ASK Jeff: The Rodale Institute’s farm manager, Jeff Moyer, answers your hardcore farming questions

How can we fertilize neglected land for best productivity while preparing it for organic certification down the road?

Posted May 11, 2004

What Jeff brings to the table

Jeff Moyer, who’s been the farm manager here at the 333-acre Rodale Institute research farm for more than a quarter of a century, receives lots of mail from farmers just like you asking for advice. Jeff’s hands-in-the-dirt experience over the past 26 years has run the gamut from refining the farm's cover cropping and crop rotation systems (including managing 270 acres in a rotation of corn, small grains, hay, and edible soy beans for a Japanese market) to overseeing The Rodale Institue Farming Systems Trial®, the world’s longest running side-by-side comparison of organic and conventional agriculture. We thought it would be fun and informative to share some of these farmer-to-farmer exchanges, and Jeff’s practical wisdom, with our readers … and we’ll be doing it on a regular basis.

Got a question of your own? Send it to Jeff at:

Dear Jeff,

We are looking into the possibility of raising organic beef here in northern Idaho. We have 130 acres available, 20 in pasture, and the rest in hay. We need advice on how to fertilize the land for best productivity while preparing it for organic certification down the road. We have a lot of Rodale books on organic gardening and, back in the ’80s, we raised organic produce for the local market in Spokane, Washington. However, we don't know where to turn to now for sound advice about the most economical way to get this run-down farm into good shape. I see by your website that you use exclusively your own compost on the farm there; that is part of our goal as well.

We are planning to do the composting using municipal wastes, along with our own manure and from nearby horse ranches, etc., in the long run, but right now we are looking for a quicker "fix" as to what we can apply to the poor pasture and hay ground to get them more productive. They have been neglected for many years. The hay has had many years of commercial fertilizer to it; the pasture none (except manure from the cattle). Both are pretty sparse with actual grass, and high in weeds.

Perhaps you can refer us to some organic fertilizer resources as well as somewhere we might get some consultation.

Thank you for your help!
Luana and Wilbur Hiebert

Dear Luana and Wilbur,

Thanks for the email and your interest in The Rodale Institute®. First I’ll start by saying I have no experience with your specific growing conditions in northern Idaho; my experience has dealt mostly with East Coast agriculture. That said, your situation is one I hear often from across the country as more and more people are taking charge of land that has been overworked in the past. The farm that houses The Rodale Institute Farm was much like yours in terms of condition when we took it over in 1971, but within a few years it was brought back to life. I have no doubt that your land will respond the same with some hard work and some good soil building techniques. My first suggestion is to get a copy of the book Building Soils for Better Crops by Fred Magdoff (Sustainable Agriculture Network, 2000). This book will help guide you as you set out to improve your land.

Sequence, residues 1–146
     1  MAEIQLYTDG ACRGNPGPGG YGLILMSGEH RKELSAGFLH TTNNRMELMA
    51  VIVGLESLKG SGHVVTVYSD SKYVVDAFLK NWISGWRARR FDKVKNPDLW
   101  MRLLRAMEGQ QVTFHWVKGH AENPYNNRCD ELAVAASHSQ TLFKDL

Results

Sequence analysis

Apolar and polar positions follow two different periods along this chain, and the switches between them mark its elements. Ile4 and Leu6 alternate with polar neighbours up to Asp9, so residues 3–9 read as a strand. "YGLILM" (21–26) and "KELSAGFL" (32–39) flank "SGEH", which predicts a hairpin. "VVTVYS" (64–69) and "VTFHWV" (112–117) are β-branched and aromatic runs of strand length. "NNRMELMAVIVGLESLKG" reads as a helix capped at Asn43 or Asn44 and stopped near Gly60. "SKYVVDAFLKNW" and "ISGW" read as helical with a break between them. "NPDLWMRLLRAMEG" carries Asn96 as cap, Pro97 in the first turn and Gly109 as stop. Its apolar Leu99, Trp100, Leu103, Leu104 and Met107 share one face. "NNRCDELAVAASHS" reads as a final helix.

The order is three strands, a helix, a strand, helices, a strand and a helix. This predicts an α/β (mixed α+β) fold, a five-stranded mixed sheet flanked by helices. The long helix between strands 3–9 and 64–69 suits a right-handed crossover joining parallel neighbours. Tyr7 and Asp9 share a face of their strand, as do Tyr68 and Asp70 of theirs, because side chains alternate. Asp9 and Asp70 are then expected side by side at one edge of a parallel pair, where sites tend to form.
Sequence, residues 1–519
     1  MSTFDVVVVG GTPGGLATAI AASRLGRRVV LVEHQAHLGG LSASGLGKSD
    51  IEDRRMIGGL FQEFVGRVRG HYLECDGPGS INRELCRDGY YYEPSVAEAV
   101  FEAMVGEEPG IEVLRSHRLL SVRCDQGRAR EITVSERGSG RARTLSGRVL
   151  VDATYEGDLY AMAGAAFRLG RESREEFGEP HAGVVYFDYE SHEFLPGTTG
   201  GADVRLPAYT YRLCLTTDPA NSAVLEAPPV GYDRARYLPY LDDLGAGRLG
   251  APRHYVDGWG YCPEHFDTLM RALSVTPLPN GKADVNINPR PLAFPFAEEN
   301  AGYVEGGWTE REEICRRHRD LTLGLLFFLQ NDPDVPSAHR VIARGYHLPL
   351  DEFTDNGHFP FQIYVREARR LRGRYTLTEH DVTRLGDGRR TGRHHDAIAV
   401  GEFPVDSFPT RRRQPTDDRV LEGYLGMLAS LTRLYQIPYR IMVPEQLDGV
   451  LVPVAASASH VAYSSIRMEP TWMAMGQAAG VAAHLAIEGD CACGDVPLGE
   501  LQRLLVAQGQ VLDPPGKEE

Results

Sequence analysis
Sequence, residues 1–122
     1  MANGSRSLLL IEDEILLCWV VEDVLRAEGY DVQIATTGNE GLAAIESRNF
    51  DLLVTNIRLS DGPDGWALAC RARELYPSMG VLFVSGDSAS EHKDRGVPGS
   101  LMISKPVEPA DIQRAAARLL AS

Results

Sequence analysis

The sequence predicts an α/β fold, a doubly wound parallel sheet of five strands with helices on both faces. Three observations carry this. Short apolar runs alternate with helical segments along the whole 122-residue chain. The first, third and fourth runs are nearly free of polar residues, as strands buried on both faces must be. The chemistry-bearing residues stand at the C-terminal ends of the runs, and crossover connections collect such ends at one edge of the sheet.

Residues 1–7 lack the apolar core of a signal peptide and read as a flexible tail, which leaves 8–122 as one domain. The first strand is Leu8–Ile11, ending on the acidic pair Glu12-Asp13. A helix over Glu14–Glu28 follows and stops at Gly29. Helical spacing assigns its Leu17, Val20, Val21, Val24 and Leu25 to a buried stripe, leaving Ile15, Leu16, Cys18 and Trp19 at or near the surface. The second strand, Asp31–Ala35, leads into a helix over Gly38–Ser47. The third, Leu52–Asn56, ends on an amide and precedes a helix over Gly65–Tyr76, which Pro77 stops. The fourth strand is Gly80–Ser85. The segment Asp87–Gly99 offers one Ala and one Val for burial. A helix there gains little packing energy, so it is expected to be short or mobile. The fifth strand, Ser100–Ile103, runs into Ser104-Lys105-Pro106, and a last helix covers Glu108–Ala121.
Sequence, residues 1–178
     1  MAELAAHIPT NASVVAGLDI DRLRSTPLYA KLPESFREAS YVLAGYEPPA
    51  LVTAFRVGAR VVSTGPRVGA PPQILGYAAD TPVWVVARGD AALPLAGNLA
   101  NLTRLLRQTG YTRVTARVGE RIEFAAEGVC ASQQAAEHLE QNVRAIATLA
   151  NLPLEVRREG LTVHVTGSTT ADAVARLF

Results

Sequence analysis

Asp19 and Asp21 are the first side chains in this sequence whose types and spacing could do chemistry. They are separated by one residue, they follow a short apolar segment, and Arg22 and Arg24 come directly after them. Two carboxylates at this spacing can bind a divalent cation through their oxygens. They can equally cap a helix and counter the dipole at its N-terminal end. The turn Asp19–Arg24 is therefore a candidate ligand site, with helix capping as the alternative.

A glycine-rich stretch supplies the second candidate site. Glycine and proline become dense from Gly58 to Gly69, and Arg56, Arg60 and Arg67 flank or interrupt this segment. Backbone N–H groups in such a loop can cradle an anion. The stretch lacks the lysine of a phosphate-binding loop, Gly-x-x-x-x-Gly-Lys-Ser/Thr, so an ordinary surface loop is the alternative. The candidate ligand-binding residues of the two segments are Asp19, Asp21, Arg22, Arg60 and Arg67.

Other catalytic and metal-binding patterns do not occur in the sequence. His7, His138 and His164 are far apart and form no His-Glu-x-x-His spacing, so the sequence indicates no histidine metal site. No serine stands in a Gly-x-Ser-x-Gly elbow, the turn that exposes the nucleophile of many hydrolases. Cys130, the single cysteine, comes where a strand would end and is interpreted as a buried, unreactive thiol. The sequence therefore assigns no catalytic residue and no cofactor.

There are organic sources for any and all nutrients you’ll need to grow hay and pasture. Keep in mind that these materials generally cost more than their chemical counterparts and may be more difficult to find. The best and cheapest materials are those that are biologically based and right there on the farm. Growing legume hay, for example, will produce all the nitrogen you need by fixing it from the air.

Start your process by getting a good soil test done on each of the field areas you’ll be managing. While the chemical analysis only tells you part of the story of what is going on in the soil, it is a great place to start. You can assume the biological activity is low and the overall health is poor, but that will change. First get the phosphorous (P) and potassium (K) balanced in the soil, do some tillage to remove the existing weed pressure, and get a new crop of hay and/or pasture grass established.

You don’t need to do all the areas at once—work into a rotation and don’t open up more land than is necessary to prevent erosion. Your county extension agents are a wealth of knowledge. While they probably won’t know much about organic practices, they should have a solid basic understanding about timing of planting, crop variety suggestions, tillage, irrigation tips, and soil test interpretation. Once you get the hay established, mowing and baling will control the weeds.

There should be one or more organic certification organizations working in your area. Oregon Tilth ( does for sure. Check with them about local fertilizer suppliers. Sometimes regional buying clubs are set up among organic farmers to purchase and ship in fertilizer at a substantial savings. It will be to your advantage to start a relationship with whomever you want to certify your land since they will be very useful. They may also be able to supply you with a list of member farmers in your area who can also offer advice.

Once you know what you need in terms of fertilizers, you might want to contact Fertrell at (717) 367-1566 and ask for Dave Mattocks. If he can’t help you, he will know who can. And last but not least, visit The New Farm online for more information and a farmer-to-farmer discussion area--Talk-- to ask your questions to thousands of other farmers and experts.

I know I didn’t answer all of your questions specifically because at this point they are just a little too general. If you can focus in on specific points, I’ll sure try to get the information you need out to you.

Good Luck with your operation.


Have some questions to Ask Jeff? E-mail him directly at